people can afford their prescription medications as the price of drugs
seems to climb higher and higher. So, why do brand name drugs cost so much
and can anything be done about it?

Meg Tirrell gets some answers.


approved in 2001, Gleevec changed the face of chronic myeloid leukemia.
That cancer drug and others that followed enabled patients to live almost
normal life spans. Its price, about $30,000 a year. And decade later,
Gleevec`s price had tripled, to $92,000 a year.

That escalation is part of a broader trend in the pharmaceutical
industry and everyone from doctors to patients to health insurers and
Congress is taking notice.

problem for a lot of patients in relation to these very costly medicines.
We sometimes think, well, people have insurance and under Obamacare, there
is a lot more coverage. But what that does not take into account is that
very often, there is a very big co-payment that the customer has to come up
with that is often many, many hundreds or thousands of dollars.

TIRRELL: Some doctors have started to think about price when
prescribing medicines. In 2012, Memorial Sloan-Kettering Cancer Center
refused to prescribe the drug Zaltrap because it didn`t work any better
than an older medicine, but cost twice as much. Last year, a group of more
than 100 physicians called for lower prices on some leukemia drugs,
including Gleevec.

But the controversy goes beyond cancer. In March, a congressional
committee asked drugmaker Gilead to explain the price of its new hepatitis
C drug Sovaldi. It cost $84,000 for 12-week course of treatment, or about
$1,000 a day. Supporters point out it`s a cure for hepatitis C and its use
could save the healthcare system money over the long term.

tags of these companies have put on drugs just appear high to folks. And
it`s very difficult for somebody that`s not a trained pharmaco economist to
explain why a drug that perhaps costs $50,000 a year is actually cheap for

TIRRELL (on camera): Researchers say there needs to be a balance
between reining in drug prices and encouraging pharma companies to spend
money on risky science. The drug industry says it costs more than a
billion dollars and takes at least a decade on average to develop a
medicine. And the failure rate is high. For every one Gleevec, there are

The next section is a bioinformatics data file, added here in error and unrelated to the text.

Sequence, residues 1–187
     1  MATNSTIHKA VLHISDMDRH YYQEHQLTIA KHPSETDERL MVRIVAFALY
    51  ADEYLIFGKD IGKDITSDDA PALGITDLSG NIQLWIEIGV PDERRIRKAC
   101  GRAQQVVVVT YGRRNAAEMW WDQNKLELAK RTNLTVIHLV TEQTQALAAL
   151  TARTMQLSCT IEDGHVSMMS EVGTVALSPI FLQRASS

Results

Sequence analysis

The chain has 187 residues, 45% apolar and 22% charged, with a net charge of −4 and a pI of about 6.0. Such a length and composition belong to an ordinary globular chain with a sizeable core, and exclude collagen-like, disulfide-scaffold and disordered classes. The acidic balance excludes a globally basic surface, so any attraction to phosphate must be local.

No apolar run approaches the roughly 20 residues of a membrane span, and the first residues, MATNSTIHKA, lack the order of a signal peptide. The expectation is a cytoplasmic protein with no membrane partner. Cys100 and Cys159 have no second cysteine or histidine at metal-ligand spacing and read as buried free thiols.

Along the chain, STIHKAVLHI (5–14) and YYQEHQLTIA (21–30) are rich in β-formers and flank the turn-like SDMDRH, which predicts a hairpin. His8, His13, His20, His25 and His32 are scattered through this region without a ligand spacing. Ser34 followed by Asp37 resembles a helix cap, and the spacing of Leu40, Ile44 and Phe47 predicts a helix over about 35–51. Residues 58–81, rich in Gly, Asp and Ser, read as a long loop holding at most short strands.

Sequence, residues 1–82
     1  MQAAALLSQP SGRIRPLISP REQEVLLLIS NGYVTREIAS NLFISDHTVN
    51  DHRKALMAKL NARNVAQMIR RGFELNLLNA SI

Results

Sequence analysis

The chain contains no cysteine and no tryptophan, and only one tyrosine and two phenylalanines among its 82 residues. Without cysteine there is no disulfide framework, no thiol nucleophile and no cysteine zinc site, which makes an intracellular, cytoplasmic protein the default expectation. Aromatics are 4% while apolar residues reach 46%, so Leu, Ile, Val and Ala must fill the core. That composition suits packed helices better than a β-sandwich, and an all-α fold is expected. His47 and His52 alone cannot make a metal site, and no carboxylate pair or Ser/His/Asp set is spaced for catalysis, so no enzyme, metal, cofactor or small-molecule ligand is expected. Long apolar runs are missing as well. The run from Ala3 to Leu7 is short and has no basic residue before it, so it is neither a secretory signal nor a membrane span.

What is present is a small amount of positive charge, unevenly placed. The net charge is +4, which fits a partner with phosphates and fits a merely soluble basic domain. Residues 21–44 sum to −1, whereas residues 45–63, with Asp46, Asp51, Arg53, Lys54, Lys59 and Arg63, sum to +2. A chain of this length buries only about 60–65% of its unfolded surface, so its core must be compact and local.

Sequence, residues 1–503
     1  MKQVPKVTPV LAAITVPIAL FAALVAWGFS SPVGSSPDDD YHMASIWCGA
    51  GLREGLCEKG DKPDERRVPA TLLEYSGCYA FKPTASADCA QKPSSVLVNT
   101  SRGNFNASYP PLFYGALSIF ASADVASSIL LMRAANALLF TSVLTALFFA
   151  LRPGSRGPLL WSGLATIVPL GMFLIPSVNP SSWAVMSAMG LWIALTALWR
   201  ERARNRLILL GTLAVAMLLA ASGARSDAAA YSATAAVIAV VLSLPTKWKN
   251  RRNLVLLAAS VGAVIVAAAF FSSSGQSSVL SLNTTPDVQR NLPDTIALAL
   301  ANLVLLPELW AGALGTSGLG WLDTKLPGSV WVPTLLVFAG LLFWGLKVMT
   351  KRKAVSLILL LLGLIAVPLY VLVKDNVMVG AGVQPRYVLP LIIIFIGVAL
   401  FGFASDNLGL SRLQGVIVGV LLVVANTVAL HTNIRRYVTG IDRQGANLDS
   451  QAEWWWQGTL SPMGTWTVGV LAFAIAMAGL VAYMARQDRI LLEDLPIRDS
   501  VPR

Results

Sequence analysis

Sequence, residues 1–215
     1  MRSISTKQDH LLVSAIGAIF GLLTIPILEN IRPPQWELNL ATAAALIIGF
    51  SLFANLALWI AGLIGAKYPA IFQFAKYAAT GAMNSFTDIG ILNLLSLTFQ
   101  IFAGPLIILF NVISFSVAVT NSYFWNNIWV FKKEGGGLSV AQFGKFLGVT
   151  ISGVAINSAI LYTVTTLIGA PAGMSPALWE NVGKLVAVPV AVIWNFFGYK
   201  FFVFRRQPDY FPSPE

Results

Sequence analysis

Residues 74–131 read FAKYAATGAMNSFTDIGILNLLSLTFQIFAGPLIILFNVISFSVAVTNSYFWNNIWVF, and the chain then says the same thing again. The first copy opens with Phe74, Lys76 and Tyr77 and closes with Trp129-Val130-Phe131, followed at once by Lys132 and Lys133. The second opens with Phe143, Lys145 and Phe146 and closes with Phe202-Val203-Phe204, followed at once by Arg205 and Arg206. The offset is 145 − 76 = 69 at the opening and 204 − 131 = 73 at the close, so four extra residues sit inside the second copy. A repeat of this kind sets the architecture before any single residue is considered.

thousands of potential drugs that never make it to market.



MATHISEN: The drug Sovaldi mentioned in Meg`s story has become a
lightning rod in the debate over drug prices and that`s because insurance
companies and federal health programs have to weigh the proven
effectiveness of that hepatitis C treatment that staggering $84,000 cost.

Bertha Coombs takes a closer look now at Sovaldi and its impact on one
patient`s life.


Michelle Carver doesn`t know how she got hepatitis C. It might have been
from a blood transfusion years ago.

MICHELLE CARVER, SOVALDI PATIENT: I was in shock when I found out I
had it, and I`m in shock to find out that it actually can leave my body.

COOMBS: She`s undergoing treatment with the controversial new Hep C
drug Sovaldi, made by Gilead Sciences (NASDAQ:GILD) and J&J`s Olysio.

CARVER: I take the two pills, and that`s it. I haven`t had one side

COOMBS: And she now tests negative for the Hep C virus, which
untreated can lead to liver failure.

CARVER: No exercising again.

UNIDENTIFIED MALE: I`m glad to hear that. And no pain in your belly?

CARVER: I have no pain in my belly.

COOMBS: There is no question the drug works.

DR. ARI BUNIM, NEW YORK HOSPITAL QUEENS: We`re talking about curing
people with the 90 percent to 100 percent success rate at this point. It`s
a whole new ballgame.

COOMBS: But at a high price. Twelve-week the treatment for Sovaldi
costs $84,000, a thousand dollars per pills, with the companion drug
Olysio. A new cure tops $140,000, three times the cost of older Hep C
drugs. Those drugs often have costly side effects, Sovaldi doesn`t.

BUNIM: It might seem like sticker shock, but the truth is you`re
saving money in the long term.

COOMBS: Well, Sovaldi isn`t the first sticker shock drug. It may be
the biggest, an estimated 3 million Americans are infected with the Hep C
virus and demand has been strong.

DR. HILLEL TOBIAS: We have a large number of people that are willing
to be treated that previously resisted treatment because they were afraid
of the side effects.